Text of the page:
Agile leadership and cultural change | KPMG | GLOBAL
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The insurance innovation imperative: Agile leadership and cultural transformation

Agile leadership and cultural change

“It’s not about having the best game plan, it’s about having a coach that knows which players to put in the field.” Stephen Hill, Globa Head of Innovation, KPMG in the US.


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Most insurance players recognize that employees represent their greatest potential source of new ideas. While many have tried to transform their culture to encourage innovation, our experience and research suggest this remains a sticky point for the insurance industry to overcome.

With half of our respondents saying that the greatest number of new ideas are currently generated by diverse working groups of cross-functional teams, it seems clear that insurers can drive enhanced innovation by creating a more collaborative culture. Easier said than done. Half of our respondents said their ability to break down internal silos is creating significant challenges to innovation.  

The industry is shifting, as insurance players recognize the value of experimentation, and where new ideas and skills are thoughtfully deployed. Sixty-one percent claim they actively encourage employees to experiment.

Agile leadership is required

“It seems obvious, agile and dedicated leadership can be a defining factor for success”, noted Mary Trussell, Global Insurance Innovation Lead Partner, KPMG in Canada, yet, just 11 percent say they have an executive team member (or group of members) responsible for innovation.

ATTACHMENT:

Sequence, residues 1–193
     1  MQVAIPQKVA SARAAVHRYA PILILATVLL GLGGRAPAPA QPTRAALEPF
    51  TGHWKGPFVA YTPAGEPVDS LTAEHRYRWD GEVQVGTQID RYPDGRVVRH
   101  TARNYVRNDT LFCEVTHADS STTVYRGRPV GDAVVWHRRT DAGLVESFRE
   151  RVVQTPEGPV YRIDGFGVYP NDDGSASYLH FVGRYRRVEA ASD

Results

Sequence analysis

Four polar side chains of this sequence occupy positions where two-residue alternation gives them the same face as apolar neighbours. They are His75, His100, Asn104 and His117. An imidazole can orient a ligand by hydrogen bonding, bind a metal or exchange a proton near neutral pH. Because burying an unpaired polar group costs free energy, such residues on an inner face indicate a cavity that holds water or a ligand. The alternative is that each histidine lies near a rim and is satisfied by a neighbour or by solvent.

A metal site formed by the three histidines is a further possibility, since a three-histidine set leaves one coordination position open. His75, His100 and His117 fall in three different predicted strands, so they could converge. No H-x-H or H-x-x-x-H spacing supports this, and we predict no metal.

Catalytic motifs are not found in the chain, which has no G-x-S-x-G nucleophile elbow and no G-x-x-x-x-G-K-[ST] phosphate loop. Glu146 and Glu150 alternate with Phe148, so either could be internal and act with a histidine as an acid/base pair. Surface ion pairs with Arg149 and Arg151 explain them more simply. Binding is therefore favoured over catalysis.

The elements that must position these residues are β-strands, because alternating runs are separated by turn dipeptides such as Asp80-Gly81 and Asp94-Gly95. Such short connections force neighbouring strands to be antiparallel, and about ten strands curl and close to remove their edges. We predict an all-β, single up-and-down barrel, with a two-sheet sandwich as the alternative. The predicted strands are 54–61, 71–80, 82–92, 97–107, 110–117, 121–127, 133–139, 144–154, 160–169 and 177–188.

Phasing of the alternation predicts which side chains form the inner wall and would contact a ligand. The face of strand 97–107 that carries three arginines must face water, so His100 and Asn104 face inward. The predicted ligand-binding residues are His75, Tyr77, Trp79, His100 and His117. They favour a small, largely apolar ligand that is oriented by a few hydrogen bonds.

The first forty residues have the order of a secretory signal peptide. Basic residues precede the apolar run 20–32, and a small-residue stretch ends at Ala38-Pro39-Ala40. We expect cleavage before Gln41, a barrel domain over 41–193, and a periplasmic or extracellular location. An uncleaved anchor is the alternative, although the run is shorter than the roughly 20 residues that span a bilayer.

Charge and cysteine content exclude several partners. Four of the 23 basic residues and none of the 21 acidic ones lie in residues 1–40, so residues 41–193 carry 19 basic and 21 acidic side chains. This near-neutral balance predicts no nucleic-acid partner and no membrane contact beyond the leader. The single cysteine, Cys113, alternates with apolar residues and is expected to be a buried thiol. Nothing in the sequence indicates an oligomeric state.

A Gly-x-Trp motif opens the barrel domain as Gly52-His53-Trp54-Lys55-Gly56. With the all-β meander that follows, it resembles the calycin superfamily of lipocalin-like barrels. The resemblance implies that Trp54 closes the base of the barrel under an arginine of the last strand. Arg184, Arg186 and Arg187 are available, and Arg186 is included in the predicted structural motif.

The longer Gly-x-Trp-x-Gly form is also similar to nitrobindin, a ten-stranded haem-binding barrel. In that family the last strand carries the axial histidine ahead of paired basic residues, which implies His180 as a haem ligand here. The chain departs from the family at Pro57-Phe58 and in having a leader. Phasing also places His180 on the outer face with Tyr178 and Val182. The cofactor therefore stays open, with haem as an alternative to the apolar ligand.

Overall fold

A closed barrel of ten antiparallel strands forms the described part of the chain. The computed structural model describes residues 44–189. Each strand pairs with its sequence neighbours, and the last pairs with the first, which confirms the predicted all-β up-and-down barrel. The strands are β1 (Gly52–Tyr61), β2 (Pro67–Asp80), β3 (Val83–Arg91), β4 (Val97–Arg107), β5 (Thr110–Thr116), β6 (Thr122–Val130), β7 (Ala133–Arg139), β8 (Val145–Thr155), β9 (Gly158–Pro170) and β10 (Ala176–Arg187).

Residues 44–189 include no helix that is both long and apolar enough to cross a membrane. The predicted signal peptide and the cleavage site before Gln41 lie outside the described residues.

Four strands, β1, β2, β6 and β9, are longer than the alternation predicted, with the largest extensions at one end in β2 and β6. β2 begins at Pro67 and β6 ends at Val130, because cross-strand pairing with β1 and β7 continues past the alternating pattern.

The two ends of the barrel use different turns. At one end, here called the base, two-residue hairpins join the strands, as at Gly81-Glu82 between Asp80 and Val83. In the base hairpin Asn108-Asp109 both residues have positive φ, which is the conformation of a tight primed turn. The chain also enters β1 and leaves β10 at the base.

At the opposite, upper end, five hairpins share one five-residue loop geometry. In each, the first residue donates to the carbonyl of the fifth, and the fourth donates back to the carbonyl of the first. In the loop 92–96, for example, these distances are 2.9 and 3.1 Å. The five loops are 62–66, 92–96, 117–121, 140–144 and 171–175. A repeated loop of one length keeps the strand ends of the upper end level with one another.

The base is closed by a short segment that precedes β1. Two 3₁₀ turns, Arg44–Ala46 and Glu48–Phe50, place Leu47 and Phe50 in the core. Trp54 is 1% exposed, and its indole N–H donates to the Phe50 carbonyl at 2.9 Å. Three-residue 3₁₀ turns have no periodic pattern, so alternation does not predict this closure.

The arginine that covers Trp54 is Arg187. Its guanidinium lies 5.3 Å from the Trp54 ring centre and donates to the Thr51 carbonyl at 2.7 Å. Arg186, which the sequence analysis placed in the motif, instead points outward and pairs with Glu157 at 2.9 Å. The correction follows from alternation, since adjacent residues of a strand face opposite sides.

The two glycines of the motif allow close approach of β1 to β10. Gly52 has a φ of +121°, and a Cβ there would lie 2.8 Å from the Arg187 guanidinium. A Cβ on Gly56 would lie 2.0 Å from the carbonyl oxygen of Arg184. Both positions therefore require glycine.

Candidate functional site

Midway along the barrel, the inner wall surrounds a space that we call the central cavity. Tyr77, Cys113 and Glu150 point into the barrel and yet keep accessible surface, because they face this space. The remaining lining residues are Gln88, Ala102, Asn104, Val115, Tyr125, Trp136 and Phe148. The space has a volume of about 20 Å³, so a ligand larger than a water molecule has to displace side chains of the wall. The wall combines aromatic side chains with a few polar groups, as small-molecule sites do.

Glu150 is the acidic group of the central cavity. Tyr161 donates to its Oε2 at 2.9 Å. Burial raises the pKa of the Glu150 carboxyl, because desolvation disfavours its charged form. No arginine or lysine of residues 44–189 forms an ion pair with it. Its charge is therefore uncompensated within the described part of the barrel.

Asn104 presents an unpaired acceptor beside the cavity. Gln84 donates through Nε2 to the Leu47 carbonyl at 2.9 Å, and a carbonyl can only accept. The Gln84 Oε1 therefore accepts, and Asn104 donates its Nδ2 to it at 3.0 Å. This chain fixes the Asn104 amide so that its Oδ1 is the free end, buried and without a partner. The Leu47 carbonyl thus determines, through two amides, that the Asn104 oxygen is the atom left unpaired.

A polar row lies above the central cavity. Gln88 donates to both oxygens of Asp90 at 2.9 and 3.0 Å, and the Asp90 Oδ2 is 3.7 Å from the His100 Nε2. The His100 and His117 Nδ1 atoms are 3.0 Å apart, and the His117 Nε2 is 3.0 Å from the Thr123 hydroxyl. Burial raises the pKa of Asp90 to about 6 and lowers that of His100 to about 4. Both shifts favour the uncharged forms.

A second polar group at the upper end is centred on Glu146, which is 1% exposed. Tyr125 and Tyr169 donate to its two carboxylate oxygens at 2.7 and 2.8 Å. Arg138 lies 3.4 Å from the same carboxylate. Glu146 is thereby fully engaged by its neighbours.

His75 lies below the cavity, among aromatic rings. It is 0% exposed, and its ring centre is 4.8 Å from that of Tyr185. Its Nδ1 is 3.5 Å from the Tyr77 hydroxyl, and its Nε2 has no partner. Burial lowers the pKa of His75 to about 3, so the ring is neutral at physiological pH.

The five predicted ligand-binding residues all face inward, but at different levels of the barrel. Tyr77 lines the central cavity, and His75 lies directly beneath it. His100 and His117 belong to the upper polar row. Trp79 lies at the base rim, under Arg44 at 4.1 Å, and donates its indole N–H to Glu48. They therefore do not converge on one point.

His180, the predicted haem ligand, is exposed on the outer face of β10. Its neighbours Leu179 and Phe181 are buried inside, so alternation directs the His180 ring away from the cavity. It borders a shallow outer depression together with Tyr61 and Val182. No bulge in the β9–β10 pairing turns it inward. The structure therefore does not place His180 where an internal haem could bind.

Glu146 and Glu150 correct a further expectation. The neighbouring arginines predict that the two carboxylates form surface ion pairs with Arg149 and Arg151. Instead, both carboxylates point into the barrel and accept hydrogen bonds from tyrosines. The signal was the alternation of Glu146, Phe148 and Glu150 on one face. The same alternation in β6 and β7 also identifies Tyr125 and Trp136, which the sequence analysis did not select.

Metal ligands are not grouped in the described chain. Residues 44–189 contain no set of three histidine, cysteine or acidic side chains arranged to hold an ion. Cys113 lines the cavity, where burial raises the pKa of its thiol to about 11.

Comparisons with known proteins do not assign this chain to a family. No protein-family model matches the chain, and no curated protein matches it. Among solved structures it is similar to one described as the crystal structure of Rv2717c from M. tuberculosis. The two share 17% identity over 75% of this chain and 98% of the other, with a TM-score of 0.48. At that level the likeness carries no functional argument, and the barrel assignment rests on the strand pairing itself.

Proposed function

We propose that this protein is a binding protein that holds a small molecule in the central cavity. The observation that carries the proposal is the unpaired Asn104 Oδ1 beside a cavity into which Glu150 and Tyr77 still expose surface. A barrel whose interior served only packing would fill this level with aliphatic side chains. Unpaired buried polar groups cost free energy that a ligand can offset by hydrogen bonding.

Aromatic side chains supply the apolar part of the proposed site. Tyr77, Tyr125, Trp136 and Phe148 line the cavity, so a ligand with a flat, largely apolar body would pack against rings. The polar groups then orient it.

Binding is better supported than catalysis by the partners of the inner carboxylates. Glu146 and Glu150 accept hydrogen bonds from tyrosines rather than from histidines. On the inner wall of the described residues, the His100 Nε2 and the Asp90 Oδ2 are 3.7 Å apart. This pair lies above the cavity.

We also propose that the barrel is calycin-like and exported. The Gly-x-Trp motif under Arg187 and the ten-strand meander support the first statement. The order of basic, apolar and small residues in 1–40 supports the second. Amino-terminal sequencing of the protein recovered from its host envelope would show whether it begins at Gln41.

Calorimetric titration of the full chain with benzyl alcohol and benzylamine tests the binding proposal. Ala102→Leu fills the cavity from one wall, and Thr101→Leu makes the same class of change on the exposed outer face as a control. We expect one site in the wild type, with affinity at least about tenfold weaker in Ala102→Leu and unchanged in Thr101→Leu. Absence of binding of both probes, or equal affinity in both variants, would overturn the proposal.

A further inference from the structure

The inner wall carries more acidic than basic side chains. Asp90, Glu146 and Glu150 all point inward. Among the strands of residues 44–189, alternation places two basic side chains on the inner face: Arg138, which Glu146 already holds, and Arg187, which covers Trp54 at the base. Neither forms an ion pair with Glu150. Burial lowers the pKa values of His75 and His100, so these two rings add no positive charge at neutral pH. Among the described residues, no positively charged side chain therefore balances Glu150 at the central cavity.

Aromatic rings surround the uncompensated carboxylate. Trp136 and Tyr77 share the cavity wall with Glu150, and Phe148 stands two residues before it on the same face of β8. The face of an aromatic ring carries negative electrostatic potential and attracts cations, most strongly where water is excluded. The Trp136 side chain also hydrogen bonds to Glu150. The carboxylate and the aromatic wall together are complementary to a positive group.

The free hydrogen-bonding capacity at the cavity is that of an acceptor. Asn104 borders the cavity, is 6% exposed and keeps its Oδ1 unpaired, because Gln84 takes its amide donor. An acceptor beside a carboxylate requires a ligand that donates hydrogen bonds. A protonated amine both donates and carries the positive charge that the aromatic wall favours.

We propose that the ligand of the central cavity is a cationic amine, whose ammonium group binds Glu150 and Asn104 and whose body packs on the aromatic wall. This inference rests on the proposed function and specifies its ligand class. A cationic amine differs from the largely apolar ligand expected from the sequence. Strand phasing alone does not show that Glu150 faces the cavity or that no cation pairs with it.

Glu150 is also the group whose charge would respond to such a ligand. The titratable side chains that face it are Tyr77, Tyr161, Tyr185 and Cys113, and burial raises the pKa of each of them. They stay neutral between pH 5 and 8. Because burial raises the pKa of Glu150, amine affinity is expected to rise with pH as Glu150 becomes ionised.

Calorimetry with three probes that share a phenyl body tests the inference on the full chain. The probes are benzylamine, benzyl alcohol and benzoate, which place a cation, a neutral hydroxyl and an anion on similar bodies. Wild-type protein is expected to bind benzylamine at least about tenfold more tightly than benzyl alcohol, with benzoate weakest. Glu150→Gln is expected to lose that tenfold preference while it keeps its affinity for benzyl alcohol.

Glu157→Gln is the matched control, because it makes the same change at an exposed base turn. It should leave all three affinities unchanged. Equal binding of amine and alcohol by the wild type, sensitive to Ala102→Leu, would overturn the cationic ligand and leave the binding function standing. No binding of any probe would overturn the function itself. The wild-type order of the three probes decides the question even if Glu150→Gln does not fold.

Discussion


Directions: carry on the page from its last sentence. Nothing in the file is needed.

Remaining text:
We believe that innovation should be discussed at every Board meeting, however 47 percent say it is discussed just once a year, and 9 percent of respondents said it isn’t discussed at all.

“Our exerience suggests that innovative cultures tend to emerge when individuals feel a sense of ownership and control over the innovation process.” - Mark Spears, kpmg’s global head of people and change

Actions to consider

  • Identify pockets of innovation and effective models already working within your organization
  • Review your broader talent strategy. Focus on developing a diverse group of talented people in-house – include those with reputations for shaping new ideas, simplifying processes and helping drive change
  • Accept the need to experiment and make it core to your culture
  • Assign responsibility for innovation and support the role with appropriate resources, governance, and a mandate that is supported by the Board
  • Focus innovation efforts on strategically relevant capabilities, such as digitizing major processes
  • Encourage all levels within the organization to participate in innovation challenges and contests.

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